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By sea or rail, as well as air, security loopholes linger

(The following article by Ron Marsico was posted on the Newark Star-Ledger website on July 23.)

NEWARK, N.J. -- Since Sept. 11, 2001, the federal government has spent billions to address many of the security failures listed in the 9/11 commission's report, but experts say numerous weaknesses remain for terrorists to exploit.

Vast problems persist with airline security despite a federal takeover from private companies. Little has been done to safeguard railroads in the wake of the Madrid train bombings in March. Relatively few shipping containers at the nation's ports are inspected.

"We do believe we are safer today than on 9/11 -- but we are not safe," warned Thomas Kean, the commission chairman.

The panel's report said that while the United States "has committed enormous resources to national security" since the day the suicide hijackers struck, far more must be done to safeguard the nation. Its recommendations included further efforts to disrupt travel by terrorists -- by beefing up border security, developing an extensive biometric screening system to perform iris or fingerprint scans on travelers and upgrading identification documentation.

"The thing about terrorism -- especially in an open society -- is you've got a million vulnerable points," said Roy Licklider, a Rutgers University professor with expertise on terrorism issues.

Since 9/11, much of the federal government's security resources has been spent on safeguarding airplanes. Congress authorized higher-paid, better-trained federal security screeners to replace the often-criticized private force. All pieces of checked luggage were to be scanned electronically for explosives, and some pilots were trained to carry guns in cockpits.

But security lapses continue at airports around the nation. Dangerous items still bypass checkpoints, and screener staffing shortages are common.

At Newark Liberty International Airport, for example, federal officials acknowledged in May that they were not electronically screening 100 percent of checked bags. They then scrambled to make corrections and declared they had solved the problem.

"We are absolutely better prepared today than we were three years ago," said Mark Hatfield, chief spokesman for the U.S. Transportation Security Administration, which primarily oversees the nation's aviation security initiatives.

"We'll never have the luxury of declaring the job finished," Hatfield added. "Some of the problems we've dealt with are inevitable."

In January, Newark, other airports and seaports around the country rolled out US-VISIT, a program that scans fingerprints of foreigners traveling to the United States with visas. The government also plans to require biometric passports -- with chips bearing digital photographs -- for travelers from 27 nations where visas are not required for short visits to America. A deadline for the high-tech passports had been postponed from October because of technical concerns; the government is debating an extension of one or two years.

The 9/11 commission said the TSA and Congress "must give priority to improving the ability of screening checkpoints to detect explosives on passengers." Currently, passengers go through metal detectors and their carry-on luggage goes through an X-ray machine -- procedures not specifically tailored for finding explosives.

"That's one of the biggest holes," said Steve Elson, a former member of the Federal Aviation Administration's investigative Red Team that found pre-9/11 lapses in aviation security.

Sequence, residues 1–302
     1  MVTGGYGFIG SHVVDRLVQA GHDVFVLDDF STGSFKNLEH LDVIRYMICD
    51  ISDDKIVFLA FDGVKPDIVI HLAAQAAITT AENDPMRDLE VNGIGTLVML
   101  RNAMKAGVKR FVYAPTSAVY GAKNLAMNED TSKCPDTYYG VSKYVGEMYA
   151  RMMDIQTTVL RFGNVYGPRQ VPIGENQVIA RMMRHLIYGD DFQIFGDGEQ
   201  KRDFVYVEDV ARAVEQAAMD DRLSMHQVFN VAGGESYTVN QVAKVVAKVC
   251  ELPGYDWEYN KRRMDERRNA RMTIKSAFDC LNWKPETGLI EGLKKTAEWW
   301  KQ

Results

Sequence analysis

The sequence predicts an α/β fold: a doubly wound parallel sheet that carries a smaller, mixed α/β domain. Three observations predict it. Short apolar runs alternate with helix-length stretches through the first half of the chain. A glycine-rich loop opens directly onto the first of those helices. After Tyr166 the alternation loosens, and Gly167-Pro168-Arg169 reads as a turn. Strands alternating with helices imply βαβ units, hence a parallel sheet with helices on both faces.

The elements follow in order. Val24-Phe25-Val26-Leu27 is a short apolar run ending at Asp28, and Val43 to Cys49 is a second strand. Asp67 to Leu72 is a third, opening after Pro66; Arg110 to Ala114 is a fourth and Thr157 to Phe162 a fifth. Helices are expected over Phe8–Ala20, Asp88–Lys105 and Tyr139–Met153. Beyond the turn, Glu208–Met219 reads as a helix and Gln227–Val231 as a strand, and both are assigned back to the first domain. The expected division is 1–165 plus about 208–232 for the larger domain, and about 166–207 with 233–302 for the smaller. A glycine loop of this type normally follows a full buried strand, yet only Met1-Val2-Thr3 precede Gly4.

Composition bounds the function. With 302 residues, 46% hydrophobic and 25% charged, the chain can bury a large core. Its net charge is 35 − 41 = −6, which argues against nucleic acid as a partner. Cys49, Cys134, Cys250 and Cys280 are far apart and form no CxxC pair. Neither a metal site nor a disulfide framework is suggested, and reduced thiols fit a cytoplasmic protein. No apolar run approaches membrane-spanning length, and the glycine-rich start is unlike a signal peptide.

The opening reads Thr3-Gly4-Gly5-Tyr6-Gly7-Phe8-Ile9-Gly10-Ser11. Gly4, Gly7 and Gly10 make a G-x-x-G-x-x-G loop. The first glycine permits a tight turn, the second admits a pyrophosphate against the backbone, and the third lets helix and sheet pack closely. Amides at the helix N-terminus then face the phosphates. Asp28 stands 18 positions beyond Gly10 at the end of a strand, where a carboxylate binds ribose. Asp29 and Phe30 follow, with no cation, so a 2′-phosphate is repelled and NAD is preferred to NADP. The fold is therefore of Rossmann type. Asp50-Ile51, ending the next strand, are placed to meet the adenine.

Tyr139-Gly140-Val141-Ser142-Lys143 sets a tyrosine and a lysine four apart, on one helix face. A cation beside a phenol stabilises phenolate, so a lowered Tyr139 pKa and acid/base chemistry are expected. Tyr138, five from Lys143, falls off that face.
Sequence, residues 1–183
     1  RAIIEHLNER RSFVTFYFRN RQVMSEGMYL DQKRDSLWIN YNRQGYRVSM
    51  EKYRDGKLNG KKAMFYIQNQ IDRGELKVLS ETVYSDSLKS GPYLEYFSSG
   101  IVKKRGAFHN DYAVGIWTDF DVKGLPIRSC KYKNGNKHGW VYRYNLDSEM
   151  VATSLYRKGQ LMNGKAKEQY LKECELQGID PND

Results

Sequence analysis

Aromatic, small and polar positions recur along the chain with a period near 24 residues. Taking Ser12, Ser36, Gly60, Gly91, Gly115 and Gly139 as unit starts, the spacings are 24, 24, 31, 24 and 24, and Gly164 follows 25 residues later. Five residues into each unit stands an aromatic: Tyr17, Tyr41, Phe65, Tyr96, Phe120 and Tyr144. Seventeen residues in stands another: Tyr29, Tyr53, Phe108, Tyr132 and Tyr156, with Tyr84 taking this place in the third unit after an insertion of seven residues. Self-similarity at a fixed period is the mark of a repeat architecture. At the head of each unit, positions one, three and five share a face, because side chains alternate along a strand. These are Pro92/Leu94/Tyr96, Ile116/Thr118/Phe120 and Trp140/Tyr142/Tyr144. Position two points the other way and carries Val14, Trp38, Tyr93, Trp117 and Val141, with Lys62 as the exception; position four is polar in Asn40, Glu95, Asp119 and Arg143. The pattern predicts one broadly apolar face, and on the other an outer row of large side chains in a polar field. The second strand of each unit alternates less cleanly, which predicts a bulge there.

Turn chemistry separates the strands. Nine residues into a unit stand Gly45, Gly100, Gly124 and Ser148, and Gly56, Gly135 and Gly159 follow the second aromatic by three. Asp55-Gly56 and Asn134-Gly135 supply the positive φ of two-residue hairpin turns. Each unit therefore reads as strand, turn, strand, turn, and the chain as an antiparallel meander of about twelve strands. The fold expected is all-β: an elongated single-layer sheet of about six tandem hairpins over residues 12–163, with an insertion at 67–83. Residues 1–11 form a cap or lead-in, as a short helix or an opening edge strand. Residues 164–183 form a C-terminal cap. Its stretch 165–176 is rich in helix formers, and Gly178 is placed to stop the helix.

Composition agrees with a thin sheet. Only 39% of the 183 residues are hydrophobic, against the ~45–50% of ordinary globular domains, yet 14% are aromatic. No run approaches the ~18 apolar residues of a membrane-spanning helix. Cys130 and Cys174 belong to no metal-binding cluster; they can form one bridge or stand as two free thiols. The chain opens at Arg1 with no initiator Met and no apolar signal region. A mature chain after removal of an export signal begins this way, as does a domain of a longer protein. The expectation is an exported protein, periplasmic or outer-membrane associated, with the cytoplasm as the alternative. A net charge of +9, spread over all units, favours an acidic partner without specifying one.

Elson chided the commission for making "very generic recommendations" to improve security.

"The 9/11 commission didn't hold anyone accountable ... for the failures of the entire aviation security system," said Elson. "No accountability. No remedies."

The commission's report said 90 percent of TSA's annual $5.3 billion budget goes to aviation security, noting that other transportation areas -- such as port security -- remain vulnerable as well.

"Initiatives to secure shipping containers have just begun," the report found.

"Everybody sort of says that's the major vulnerability, and I think they're right," said Licklider, the Rutgers terrorism expert, who said major improvements in port security will be difficult. "That's very big money and very big inconvenience."

The panel also found that "railroads and mass transit remain hard to protect because they are so accessible and extensive."

The TSA recently began testing airport-style security procedures on passengers and baggage on certain Amtrak trains. Hatfield, the agency spokesman, said such checks "can be used where you have intelligence or located a specific vulnerability" on rail lines.

Sidney Caspersen, New Jersey's counterterrorism director, praised the report in general, but he questioned whether revamping the nation's intelligence hierarchy during wartime is the best course, fearing potential delays in getting security information.

"What I want to see is information pushed down to the locals as soon as possible," said Caspersen, "so we can get it on the street. ... We in this country are every day dealing with new threats."

Anthony Coscia, chairman of the Port Authority of New York and New Jersey, endorsed the commission's finding that likely terrorist targets such as New York City and Washington, D.C., deserve a bigger slice of the limited federal security dollars. The Port Authority, which oversees the region's airports, bridges, tunnels and port, has earmarked $500 million in its current five-year capital plan for security improvements.

"It's important that the federal government provides the necessary resources to respond to those threats," said Coscia.

Friday, July 23, 2004

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